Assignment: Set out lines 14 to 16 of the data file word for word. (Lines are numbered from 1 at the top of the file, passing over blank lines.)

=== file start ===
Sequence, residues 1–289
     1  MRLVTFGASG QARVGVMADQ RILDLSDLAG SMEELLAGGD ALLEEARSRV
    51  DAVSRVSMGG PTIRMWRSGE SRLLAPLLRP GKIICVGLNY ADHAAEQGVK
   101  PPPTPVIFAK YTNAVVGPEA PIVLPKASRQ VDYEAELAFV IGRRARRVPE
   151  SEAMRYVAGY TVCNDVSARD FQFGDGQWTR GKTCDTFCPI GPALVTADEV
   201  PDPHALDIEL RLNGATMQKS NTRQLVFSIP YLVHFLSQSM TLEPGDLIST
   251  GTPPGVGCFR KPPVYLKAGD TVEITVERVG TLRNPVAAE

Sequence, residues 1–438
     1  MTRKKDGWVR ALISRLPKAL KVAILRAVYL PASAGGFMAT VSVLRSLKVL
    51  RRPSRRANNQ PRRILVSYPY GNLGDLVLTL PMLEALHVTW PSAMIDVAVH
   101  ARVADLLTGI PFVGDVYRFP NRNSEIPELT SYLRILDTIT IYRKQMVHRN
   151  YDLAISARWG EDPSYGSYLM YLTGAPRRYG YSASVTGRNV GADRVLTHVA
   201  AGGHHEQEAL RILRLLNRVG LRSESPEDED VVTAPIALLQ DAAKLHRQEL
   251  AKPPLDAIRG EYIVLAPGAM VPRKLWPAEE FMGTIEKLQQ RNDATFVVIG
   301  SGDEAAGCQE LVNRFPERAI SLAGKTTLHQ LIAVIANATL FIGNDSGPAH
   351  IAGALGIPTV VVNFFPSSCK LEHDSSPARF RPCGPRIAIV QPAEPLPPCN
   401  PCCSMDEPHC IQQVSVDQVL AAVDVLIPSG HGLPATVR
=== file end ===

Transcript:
   251  AKPPLDAIRG EYIVLAPGAM VPRKLWPAEE FMGTIEKLQQ RNDATFVVIG
   301  SGDEAAGCQE LVNRFPERAI SLAGKTTLHQ LIAVIANATL FIGNDSGPAH
   351  IAGALGIPTV VVNFFPSSCK LEHDSSPARF RPCGPRIAIV QPAEPLPPCN